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Review: 'Lord of War' rules on 4K UHD

Posted Tuesday, March 19, 2019 at 11:39 AM Central
Last updated Tuesday, March 19, 2019 at 11:41 AM Central

by John Couture

There is one important thing that I finally figured out as I was prepping this review. I always thought that Bridget Moynahan and Michelle Monaghan were sisters. As it turns out, they aren't related. In fact, they spell their last names completely different. Yep, my mind was blown.

My mini faux pas aside, Lord of War is that mid-2000s film in which Bridget Moynahan appears for a few scenes, along with some other guys you might know such as Nicholas Cage, Ethan Hawke and Jared Leto. The film is based on the true story of a successful arms smuggler who plied his trade for over 20 years making a very lucrative living.

While the film packs a serious punch at times, there are several satirical scenes that will conjure up the more modern The Wolf of Wall Street. Although, that film takes place during the late 1980s and early 1990s which would place both films during the same time period. In any case, both films celebrate the virtues of excess in a morally ambivalent world in which the final judgment is only one subpoena or bullet away.

Can we talk a minute about Nicholas Cage? People will forget that he actually won an Oscar for Best Actor for his performance in 1995's Leaving Las Vegas, but his career has been anything but stable. The highly animated actor has seen his roles fluctuate with his onscreen persona, but when the material is there, he can be brilliant onscreen.

Lately, it seems that his movie choices haven't been the best and I struggle to remember the last great Nic Cage performance. He's basically become a caricature of himself in which he simply goes all manic in the hopes of capturing some sort of fleeting glory in the less than subpar material that he has been given.

But there was a time when Nic Cage was on top of the world and Lord of War was a film that he put out towards the end of his brilliant period and it really showcases the actor's strengths beautifully. Lord of War chronicled the end of the Cold War and the subsequent proliferation of Russian guns and armaments to third world countries by a man who had to be insane to risk his life with each and every deal with a rising dictator or warlord. If there was ever an actor crazy enough to encapsulate the sheer boldness of this type of person, it is Lord of War.

This film is directed by Andrew Niccol, who came onto the scene with the wonderful Gattaca. He has yet to capture that same lightning in the bottle for any of his following films, but Lord of War comes as close as any in showcasing this filmmaker's promise. While Niccol is perhaps more comfortable in his primary genre of Sci-Fi, he proves with this film that he isn't just a one-trick pony.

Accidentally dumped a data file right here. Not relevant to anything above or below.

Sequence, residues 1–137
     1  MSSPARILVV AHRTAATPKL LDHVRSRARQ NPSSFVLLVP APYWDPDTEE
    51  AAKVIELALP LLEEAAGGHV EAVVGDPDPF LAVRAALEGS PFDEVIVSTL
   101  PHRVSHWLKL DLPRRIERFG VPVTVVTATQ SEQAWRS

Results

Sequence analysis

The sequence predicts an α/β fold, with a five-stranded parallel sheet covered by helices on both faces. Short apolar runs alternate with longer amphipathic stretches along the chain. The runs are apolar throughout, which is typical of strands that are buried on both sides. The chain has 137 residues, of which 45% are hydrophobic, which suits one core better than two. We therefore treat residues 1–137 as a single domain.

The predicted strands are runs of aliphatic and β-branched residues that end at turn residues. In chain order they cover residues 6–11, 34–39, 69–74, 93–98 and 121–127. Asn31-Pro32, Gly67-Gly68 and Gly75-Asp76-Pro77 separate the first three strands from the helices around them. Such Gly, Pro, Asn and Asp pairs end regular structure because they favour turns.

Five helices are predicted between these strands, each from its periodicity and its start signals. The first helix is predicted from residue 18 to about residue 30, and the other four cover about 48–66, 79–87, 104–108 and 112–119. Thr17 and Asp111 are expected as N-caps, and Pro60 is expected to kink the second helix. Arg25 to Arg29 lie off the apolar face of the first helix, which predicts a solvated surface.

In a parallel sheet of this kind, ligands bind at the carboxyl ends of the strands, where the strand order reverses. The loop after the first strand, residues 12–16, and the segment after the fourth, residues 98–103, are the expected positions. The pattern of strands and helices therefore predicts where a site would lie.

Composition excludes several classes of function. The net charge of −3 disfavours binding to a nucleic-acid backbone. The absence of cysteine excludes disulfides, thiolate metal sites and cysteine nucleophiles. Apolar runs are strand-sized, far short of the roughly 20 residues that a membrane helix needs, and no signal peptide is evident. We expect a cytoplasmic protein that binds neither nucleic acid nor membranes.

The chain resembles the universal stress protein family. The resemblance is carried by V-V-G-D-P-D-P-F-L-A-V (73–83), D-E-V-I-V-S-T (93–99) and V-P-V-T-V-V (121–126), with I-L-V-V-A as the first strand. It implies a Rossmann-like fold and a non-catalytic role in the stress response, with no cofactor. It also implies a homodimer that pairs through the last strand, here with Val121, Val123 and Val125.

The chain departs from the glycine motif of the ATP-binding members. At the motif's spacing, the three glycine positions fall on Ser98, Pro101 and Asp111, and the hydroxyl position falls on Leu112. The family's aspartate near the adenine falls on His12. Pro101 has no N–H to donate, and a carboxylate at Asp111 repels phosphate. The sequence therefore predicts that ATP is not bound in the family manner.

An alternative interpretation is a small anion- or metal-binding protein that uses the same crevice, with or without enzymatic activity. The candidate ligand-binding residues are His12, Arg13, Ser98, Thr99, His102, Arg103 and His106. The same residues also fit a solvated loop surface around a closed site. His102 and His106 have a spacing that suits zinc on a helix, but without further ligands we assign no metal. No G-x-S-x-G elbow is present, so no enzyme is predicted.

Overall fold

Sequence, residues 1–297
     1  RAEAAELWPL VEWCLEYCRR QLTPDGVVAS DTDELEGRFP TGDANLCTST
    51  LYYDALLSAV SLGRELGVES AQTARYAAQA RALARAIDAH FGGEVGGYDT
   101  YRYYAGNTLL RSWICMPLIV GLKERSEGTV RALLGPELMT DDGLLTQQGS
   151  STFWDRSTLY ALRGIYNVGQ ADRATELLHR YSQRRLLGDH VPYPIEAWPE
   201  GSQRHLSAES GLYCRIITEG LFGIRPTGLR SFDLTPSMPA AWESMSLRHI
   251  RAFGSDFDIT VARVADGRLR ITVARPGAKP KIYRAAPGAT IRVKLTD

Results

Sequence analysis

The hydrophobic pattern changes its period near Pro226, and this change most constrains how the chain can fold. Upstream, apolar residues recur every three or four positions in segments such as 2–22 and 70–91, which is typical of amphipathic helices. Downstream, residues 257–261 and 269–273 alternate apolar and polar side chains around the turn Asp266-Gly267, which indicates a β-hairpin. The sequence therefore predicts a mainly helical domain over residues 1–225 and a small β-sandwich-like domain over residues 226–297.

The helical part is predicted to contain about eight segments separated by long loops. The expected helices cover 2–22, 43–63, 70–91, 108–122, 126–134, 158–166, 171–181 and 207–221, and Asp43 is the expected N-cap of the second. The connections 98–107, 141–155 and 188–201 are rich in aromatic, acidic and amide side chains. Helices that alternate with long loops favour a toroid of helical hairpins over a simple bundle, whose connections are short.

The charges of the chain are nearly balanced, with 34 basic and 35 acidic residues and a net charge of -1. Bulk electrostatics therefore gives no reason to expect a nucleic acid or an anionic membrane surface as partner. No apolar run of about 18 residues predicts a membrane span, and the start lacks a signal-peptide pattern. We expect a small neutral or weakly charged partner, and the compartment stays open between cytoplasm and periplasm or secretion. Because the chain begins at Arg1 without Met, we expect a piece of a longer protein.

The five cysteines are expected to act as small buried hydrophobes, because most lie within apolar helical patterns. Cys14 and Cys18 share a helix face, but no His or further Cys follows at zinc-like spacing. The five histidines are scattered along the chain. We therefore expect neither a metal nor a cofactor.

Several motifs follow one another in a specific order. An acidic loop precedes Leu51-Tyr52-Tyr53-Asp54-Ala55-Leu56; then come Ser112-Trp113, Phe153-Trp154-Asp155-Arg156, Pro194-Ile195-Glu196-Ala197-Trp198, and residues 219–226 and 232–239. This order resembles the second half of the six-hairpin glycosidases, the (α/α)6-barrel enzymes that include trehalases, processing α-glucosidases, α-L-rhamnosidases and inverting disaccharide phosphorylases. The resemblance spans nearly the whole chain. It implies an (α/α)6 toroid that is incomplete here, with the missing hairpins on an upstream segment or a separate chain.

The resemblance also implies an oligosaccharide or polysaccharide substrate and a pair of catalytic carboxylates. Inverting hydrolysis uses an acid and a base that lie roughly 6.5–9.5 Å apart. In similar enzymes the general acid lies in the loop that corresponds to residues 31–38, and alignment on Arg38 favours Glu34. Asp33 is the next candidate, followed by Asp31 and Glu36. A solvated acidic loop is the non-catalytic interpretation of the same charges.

The supporting cast is also impressive as Ethan Hawke turns in a top-notch performance as Interpol agent Jack Valentine. Every good morally ambiguous protagonist needs a straight and narrow antagonist and Ethan is more than ready to play Nic's foil. Jared Leto is always great and his performance here is no exception. Believe it or not, Jared actually plays against type as the gunrunner with a heart of gold and it's an interesting twist from the usual tropes from this genre.

The film finds its 4K UHD release at an opportune time when the topic of guns and gun-related deaths has never been more under the microscope. The film contained a powerful message when it was released almost 15 years ago, but the need for its lesson has only increased since then. You only have to read the daily paper's headline to see the impact of the illegal gun trade on today's society.

The 4K UHD has a superb video transfer that cleans up most of the imperfections that you can still see on the included Blu-ray. The Dolby Vision transfer with HDR really provides a brilliant picture that shines during the scenes meant to glamorize the illegal arms business. Likewise, it also provides a sharp punch in the gut in the many action scenes with spectacular explosions and realistic gunfire. Perhaps the best sequences though are those that contrast from these and are minimally lit. In particular, the scene with Bridget Moynahan calling Nic Cage to inform him that their trash was being examined provides sharp contrast that simply jumps off the screen.

The new Dolby Atmos audio track is a significant improvement over the old DTS track on the Blu-ray. With so many bullets and explosions, a film such as Lord of War necessitates the best audio treatment available and the Dolby Atmos track is the best of the best. It provides a more robust sound and the channels mix perfectly during the action sequences to make it seem like you are literally sitting in the middle of a gunfight.

The included bonus features are the existing ones that were previously available on the Blu-ray, so that's a bit of a disappointment. After 15 years, it would have been nice to rouse Nic Cage from whatever B-movie he is currently filming to get his thoughts on the film and its legacy in a world that is increasingly becoming perilous when it comes to illegal guns. Alas, the bonus features are nice, but it would have been nice to have a few newer things to help justify the upgrade.

As it stands, the film alone is worth the buy or upgrade to 4K UHD in my opinion as it really showcases the format properly. There are great performances here and the film was sadly not seen by as many people as it should have been when it first came out.

Lord of War is now available on 4K UHD Blu-ray.